Interview – TrustID’s Tony Machin

18/09/15

By Craig Guthrie, deputy editor

Responding to heightened public sensitivities on immigration amid rising entry numbers, the UK government has in recent years introduced laws which increasingly put the onus on private organisations and individuals to check the immigration status of new staff or tenants.

Although HR staff and landlords can hardly be expected to have the secure document know-how of a border guard or forensics document expert, the government has even put in place various fines and punishments if “illegals” slip through the net.

This is where solutions like TrustID’s can step in – the company develops document scanners for use by laypersons.

Designed for speed and simplicity rather than ultra-intricate checks, the company’s machines compare the chips and machine readable zone data within passports, driving licenses, visas and identity cards and also take infrared scans of these documents.

The benefits are potentially priceless for private firms or local authorities – tabloids are keen to jump on any embarrassing incidences of companies or councils inadvertently hiring illegal immigrants.

Its latest success has been a contract win this month which will see it supply Bedford Borough Council with its devices to tackle identity fraud.

Security Document World talked with TrustID CEO Tony Machin to learn about his firm’s motivations and outlook.

How did the concept for TrustID take shape?

There are thousands of identity documents in the market – for example most countries have several versions of their passport - and meanwhile there is a massive gap between government legislation ordering people to check documents but not telling them how to do so. This is where we capture the market.

To be clear, we are not in the counter-terrorism sphere, we don’t identify fraudulent docs that might cost some £20,000 to develop. We are in the market covering simple cases of illegal immigration and fraud – and there are thousands of cases like this in the country today.

An HR administrator at a busy hospital trust may be responsible for 14,000 staff. They do not have time to read multiple manuals on document checking, or keep up to date with the latest security features on, say, a Ugandan passport. Checking documents at this level needs a different solution.

This topic is also in the press all the time, whether about illegal immigration or tighter controls. We saw last week the UK government announcing tighter checks on employers in the construction, cleaning and homecare sectors. The government has brought in checks by landlord, and we are seeing a tightening in the KYC regulations for financial organisations.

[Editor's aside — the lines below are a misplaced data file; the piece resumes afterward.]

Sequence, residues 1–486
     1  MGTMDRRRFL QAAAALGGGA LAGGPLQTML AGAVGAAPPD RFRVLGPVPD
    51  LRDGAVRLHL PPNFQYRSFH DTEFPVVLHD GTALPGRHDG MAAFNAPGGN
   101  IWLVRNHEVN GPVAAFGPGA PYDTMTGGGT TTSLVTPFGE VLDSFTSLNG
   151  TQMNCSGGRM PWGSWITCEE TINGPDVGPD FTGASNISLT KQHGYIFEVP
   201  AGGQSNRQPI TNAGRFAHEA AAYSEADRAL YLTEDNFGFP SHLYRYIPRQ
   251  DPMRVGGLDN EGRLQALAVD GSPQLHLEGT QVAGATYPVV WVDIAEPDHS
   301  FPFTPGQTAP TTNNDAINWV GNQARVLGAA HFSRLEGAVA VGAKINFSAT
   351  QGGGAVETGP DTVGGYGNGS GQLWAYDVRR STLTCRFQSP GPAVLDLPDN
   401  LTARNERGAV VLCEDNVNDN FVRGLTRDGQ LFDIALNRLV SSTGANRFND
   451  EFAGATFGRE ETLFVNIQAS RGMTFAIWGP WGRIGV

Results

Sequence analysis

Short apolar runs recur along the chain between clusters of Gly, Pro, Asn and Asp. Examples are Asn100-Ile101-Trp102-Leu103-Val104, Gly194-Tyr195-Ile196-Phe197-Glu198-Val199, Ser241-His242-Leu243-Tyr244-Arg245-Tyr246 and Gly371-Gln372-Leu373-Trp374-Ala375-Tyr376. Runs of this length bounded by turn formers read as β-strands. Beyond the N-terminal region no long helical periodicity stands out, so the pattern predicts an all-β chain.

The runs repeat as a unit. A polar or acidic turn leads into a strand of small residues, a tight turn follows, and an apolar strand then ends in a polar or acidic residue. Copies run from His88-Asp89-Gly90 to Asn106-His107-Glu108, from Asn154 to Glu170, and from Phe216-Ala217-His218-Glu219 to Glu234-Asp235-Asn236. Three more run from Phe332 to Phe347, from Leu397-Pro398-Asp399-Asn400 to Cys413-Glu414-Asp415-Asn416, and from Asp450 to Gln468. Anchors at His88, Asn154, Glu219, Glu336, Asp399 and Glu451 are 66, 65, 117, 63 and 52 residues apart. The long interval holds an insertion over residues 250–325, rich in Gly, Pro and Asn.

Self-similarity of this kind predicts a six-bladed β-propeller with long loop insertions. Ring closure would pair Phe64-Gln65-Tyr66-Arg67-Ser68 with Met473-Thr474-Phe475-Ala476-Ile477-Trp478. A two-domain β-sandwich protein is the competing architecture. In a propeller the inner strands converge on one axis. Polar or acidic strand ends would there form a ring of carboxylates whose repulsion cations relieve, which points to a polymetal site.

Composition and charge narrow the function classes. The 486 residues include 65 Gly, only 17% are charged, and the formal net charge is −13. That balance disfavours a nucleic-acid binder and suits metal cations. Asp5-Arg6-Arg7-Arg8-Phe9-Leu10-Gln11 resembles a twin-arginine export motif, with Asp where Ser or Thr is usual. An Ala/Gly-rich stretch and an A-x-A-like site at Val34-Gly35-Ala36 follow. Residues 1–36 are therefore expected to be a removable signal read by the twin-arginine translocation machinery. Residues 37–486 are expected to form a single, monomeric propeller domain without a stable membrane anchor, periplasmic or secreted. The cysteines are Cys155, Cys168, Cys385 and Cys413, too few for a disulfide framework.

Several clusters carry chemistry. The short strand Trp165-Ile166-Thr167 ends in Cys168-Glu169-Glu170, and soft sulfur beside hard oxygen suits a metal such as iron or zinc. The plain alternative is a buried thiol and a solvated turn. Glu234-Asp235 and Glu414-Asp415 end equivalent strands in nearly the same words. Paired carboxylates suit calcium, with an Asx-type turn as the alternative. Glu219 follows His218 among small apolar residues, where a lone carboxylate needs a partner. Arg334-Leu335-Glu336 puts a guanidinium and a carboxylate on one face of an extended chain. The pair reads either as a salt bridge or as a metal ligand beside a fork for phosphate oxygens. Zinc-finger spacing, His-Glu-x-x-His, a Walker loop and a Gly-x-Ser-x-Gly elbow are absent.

Was it easy to simplify the document checking process for staff that lack the training of, say, border agents?

The software we have developed features a very simple interface. It takes just 45 minutes to train a layman to tell with 95% certainty if a document is false.

Additionally, 97-98% of documents that are being checked are indeed genuine. What the client needs is a fast and effective process that allows relatively untrained staff to say yes with confidence, and the ability to store that process electronically into records that can be checked by the Border Force.

If there are anomalies, we can always provide online support – but this only occurs in a small number of scenarios.

What forgery trends are your clients increasingly coming across?

Photo replacement – and here the chip is proving very important. We find that often a document will look initially very genuine. But the one thing they cannot change is the chip. Photo replacement at a very professional level is becoming quite common – but this immediately becomes clear when the chip is scanned.

This is even better now that the chip is contained within the document. Previously fraudsters would try to deliberately damage it more when it was visible.

But the biggest number of attempts we uncover are good old MRZ fails. It could be the font that is wrong, the length of code. Quite often clearly it is the algorithm, and yet that is all public knowledge.

Interestingly, this is the case because forgers really do not care what happens to the documents once they are sold. These are documents that are circulating on the market for not a lot of money.

Does your solution connect to databases to verify documents?

No, we are quite unique in the market in that we don’t use a document checking database. This is because as a commercial organisation we don’t have access.

Instead, for instance on driving licences we use ABBYY’s optical character recognition technology (OCR) to read and then extract the information. After that our validation is a straight yes or no – there is less complexity and that is why organisations like our systems.

Moving on to passports, clearly these increasingly have chips so we can validate the MRZ, capture the UV features and IR and use the chip – it is usually the chip that gives the game away.

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